Volunteers needed for 1st clinical trial of smoked marijuana for PTSD symptoms
WASHINGTON — Researchers started this week the first-ever clinical trial of marijuana for treating the effects of post-traumatic stress disorder in veterans.
The trial will test four potencies of smoked marijuana and their effects to manage PTSD symptoms in 76 veterans, according to the Multidisciplinary Association for Psychedelic Studies. Approved by the Drug Enforcement Administration and the Food and Drug Administration, the study is intended to develop marijuana into a legal prescription drug.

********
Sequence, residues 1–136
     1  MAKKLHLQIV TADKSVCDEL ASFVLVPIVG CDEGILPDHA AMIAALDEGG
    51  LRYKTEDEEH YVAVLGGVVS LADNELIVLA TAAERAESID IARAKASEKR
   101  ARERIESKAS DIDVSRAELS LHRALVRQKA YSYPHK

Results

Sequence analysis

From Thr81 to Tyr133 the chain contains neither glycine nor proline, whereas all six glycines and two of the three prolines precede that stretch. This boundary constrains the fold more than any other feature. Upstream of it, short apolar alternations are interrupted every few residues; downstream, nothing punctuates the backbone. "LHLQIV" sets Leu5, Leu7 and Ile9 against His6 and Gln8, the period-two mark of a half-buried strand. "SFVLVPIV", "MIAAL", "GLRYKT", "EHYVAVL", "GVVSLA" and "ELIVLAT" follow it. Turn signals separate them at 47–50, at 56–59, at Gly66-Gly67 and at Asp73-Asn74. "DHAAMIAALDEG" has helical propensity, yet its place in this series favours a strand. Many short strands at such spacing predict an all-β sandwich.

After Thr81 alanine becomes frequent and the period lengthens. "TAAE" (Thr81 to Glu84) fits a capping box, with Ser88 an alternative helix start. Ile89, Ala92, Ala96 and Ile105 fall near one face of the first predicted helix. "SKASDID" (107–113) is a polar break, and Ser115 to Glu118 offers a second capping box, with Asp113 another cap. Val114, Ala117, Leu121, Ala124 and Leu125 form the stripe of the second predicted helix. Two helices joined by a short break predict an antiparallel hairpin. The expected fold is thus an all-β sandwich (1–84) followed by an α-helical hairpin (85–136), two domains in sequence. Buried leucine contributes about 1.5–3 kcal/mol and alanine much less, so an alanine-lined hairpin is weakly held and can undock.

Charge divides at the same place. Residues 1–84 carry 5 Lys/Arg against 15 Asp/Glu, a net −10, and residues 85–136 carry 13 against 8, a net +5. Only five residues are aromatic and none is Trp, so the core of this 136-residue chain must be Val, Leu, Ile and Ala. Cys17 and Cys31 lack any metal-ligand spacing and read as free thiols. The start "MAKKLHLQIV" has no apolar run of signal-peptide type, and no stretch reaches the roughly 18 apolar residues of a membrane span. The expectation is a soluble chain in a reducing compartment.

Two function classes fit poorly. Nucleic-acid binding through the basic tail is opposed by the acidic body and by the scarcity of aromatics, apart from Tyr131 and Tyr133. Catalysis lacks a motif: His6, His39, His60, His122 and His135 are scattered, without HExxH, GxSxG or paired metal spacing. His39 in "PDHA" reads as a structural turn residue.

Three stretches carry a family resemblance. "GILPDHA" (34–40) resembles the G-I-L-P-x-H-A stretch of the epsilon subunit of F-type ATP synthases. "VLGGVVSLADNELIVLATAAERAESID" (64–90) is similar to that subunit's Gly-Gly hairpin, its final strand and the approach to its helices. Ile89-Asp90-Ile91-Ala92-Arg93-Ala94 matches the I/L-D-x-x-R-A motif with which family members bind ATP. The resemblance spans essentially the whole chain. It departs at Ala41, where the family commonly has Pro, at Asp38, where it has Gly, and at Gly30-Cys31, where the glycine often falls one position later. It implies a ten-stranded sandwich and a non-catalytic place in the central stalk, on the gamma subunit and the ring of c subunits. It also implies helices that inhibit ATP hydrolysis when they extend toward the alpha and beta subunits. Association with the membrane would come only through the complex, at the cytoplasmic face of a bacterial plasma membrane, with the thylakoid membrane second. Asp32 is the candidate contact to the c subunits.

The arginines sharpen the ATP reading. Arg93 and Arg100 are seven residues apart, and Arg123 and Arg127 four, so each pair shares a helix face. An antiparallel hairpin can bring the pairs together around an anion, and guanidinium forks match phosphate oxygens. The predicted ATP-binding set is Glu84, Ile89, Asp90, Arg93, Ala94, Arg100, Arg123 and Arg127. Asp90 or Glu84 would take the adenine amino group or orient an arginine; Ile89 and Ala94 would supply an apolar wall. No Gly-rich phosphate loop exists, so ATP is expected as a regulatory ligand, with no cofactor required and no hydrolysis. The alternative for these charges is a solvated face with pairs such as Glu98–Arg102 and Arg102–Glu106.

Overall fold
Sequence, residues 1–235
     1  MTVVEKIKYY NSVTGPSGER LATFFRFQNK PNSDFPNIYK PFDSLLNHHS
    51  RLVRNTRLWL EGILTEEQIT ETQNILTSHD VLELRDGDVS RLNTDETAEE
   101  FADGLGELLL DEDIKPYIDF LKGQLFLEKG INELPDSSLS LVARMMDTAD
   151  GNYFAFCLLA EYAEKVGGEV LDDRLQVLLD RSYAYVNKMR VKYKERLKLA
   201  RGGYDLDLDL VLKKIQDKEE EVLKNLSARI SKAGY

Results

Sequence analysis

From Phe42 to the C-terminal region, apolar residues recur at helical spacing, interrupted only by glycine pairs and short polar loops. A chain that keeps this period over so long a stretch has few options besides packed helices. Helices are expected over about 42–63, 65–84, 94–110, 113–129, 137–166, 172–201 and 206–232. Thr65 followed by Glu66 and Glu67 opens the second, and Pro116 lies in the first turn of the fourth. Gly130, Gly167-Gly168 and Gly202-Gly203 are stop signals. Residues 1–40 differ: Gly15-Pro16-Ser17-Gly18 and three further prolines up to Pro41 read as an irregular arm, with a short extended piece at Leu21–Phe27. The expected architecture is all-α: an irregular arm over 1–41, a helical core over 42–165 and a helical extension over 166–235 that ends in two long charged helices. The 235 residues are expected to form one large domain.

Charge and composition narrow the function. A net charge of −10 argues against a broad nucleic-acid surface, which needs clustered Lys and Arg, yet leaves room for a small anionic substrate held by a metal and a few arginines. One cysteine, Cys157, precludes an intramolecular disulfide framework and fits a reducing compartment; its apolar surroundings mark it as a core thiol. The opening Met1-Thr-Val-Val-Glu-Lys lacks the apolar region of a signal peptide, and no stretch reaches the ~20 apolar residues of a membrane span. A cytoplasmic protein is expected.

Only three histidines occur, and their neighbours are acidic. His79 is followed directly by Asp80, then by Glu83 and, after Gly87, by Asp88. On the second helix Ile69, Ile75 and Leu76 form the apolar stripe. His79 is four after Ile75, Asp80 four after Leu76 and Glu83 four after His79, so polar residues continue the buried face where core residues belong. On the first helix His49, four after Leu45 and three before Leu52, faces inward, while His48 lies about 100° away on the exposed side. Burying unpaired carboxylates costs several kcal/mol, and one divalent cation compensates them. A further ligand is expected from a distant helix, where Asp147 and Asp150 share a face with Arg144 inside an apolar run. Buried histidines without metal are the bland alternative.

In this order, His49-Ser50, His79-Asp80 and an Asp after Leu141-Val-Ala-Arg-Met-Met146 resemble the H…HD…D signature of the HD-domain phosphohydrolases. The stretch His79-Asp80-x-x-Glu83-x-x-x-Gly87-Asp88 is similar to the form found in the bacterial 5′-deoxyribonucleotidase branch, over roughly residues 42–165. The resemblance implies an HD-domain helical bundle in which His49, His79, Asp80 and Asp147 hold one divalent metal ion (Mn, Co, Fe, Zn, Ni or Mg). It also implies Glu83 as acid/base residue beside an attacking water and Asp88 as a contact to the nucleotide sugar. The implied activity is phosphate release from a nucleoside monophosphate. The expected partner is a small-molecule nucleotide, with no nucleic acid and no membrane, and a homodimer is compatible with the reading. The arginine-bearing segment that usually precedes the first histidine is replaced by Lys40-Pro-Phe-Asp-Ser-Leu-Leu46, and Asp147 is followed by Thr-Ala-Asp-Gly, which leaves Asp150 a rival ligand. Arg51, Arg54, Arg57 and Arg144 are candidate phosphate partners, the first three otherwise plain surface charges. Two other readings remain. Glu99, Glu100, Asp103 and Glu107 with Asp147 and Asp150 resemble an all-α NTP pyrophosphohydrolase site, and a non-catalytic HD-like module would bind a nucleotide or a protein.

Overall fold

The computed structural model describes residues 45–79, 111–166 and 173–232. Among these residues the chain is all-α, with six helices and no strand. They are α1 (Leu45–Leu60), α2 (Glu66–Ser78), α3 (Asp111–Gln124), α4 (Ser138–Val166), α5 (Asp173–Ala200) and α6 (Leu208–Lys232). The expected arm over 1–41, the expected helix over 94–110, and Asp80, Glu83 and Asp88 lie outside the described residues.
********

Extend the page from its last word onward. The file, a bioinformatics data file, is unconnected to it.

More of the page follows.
“We are thrilled to see this study overcome the hurdles of approval so we can begin gathering the data,” Amy Emerson said in a written statement issued by the association. The nonprofit drives clinical research on the medicinal use of marijuana, LSD and MDMA, known more broadly as Ecstasy.
“This study is a critical step in moving our botanical drug development program forward at the federal level to gather information on the dosing, risks and benefits of smoked marijuana for PTSD symptoms.”
The $2.2 million trial is funded by the Colorado Department of Public Health and Environment. The first participant received marijuana Monday.
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